For Colombia, Monday's second-round Women's World Cup game against the U.S. is shaping up as more of a grudge match than a soccer match.
And for the South Americans, it's a rivalry that's been years in the making, dating to the 2012 Olympics, when Colombia's Lady Andrade punched American Abby Wambach in the eye, earning a two-game suspension.
The next day, Wambach posted pictures of her shiner on social media, and the Colombians have been stewing ever since.
"What happened is that following that episode, and because of something that happened three years ago, they said things that were not taken by us in the best way," midfielder Yoreli Rincon said Sunday.
Last week, Andrade stirred things up again, accusing the U.S. of belittling her team and predicting that the Colombians would earn their respect by beating the second-ranked Americans in Monday's elimination game.
That's no idle threat: Earlier in the tournament, the South Americans shocked third-ranked France, 2-0.
"There is no such thing as small enemies," Colombian Coach Fabian Taborda said. "Those that you never expect are the ones that will kill you."
The U.S. has refused to return fire in the war of words, with midfielder Megan Rapinoe professing undying respect for Colombia and Wambach insisting she's a "person that doesn't focus on things that happened three years ago" — which was kind of a dig in itself.
Colombia is clearly relishing the feud.
"We don't have much to lose, but we have a lot to gain," Rincon said.
"We know how they play. They are clearly tall and athletic, but they don't have the heart the Colombians do."
Added goalkeeper Catalina Perez: "Our dreams are bigger than our fears."
And those dreams have been growing since the first-round upset of France.
"That helped a lot," Perez said. "We knew we could do it. And when everything played out, it was like, 'We can make history, we are making history.' Why stop now? We feel like we have more support at home."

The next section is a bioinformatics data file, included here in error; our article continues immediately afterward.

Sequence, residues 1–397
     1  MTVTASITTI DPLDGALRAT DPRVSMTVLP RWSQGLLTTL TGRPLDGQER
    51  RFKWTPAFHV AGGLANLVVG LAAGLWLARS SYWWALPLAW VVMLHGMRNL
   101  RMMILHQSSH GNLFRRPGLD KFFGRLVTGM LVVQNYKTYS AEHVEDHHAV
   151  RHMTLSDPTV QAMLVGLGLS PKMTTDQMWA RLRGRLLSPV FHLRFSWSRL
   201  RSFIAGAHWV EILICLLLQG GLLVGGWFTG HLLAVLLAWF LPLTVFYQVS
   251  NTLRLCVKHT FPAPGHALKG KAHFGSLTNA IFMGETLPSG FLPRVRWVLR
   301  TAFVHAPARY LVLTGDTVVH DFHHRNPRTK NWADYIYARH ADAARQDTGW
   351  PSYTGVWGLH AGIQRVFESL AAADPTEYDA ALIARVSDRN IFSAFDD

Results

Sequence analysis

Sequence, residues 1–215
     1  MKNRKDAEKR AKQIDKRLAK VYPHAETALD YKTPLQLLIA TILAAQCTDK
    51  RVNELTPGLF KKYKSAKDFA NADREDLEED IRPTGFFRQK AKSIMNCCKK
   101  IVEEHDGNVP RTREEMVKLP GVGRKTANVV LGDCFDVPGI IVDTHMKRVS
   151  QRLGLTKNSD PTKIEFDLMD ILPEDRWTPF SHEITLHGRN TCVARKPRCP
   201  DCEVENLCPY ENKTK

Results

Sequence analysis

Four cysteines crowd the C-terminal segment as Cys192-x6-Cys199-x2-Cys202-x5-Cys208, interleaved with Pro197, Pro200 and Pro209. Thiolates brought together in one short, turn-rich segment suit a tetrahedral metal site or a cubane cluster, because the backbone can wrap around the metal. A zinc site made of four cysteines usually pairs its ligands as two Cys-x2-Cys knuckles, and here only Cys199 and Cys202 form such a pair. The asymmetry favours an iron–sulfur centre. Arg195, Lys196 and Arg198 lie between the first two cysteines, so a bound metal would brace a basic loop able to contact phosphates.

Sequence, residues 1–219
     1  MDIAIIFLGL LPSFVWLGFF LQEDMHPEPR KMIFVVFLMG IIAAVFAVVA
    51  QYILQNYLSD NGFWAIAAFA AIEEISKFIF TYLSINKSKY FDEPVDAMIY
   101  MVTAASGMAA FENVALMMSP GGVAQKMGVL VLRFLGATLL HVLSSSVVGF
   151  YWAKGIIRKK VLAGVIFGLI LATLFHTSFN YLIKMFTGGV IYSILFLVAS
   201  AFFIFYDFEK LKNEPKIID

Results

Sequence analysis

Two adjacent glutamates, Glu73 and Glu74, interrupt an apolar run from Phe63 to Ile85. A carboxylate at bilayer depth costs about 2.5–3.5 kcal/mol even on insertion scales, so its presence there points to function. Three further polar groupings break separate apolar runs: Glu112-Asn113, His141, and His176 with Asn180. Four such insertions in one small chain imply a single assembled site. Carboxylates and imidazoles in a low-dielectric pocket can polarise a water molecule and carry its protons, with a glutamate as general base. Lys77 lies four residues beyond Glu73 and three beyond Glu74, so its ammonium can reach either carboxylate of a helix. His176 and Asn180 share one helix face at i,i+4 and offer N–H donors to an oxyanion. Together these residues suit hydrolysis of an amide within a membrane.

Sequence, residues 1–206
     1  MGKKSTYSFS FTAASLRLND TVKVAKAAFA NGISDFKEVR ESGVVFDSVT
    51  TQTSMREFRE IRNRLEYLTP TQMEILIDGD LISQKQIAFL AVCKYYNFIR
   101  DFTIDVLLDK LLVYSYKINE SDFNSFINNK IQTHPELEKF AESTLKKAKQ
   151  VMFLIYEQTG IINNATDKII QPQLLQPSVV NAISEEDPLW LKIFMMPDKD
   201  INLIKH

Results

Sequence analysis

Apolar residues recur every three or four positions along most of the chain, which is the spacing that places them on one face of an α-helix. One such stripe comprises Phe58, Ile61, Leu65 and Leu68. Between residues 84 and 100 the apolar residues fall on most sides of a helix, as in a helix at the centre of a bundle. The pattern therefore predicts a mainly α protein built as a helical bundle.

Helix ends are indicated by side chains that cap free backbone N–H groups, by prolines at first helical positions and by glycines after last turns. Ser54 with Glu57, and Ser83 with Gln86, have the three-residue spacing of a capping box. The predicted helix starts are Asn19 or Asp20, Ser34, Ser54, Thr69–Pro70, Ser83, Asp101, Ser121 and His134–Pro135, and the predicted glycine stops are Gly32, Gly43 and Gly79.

Colombia may be emerging as a global soccer power. Its men's team advanced to the quarterfinals of the prestigious Copa America on Sunday, a year after making a run to the quarterfinals of the men's World Cup, where it won more games (4) in three weeks than it had won in the 13 previous World Cups combined.
Now its women's team stands among the final 16 at its World Cup, making Colombia just the third country from the Americas — behind the U.S. and Brazil — to make it to the knockout round of both the men's and women's World Cup.
Perez, who was born in Bogota but raised in Boca Raton, Fla., said that success is having a profound effect back home, where Taborda estimated there are no more than 5,000 girls and women playing soccer. (Because there is no professional league for women in Colombia, 17 members of the national team play club soccer, working day jobs to pay the rent.)
"We could be the generation that really makes soccer acceptable and brings a lot of opportunities to Colombian girls," said Perez, 20, a junior at the University of Miami.
Against the U.S., the Colombian women will need to exceed expectations once again, because starting goalkeeper Sandra Sepulveda is ineligible after drawing her second yellow card in the waning moment of the final group-play game against England.
Perez thinks they're up to the challenge.
"Why set limits on what we can do?" Perez said. "We can't control outcomes, but we can control our attitude and how we go into the game."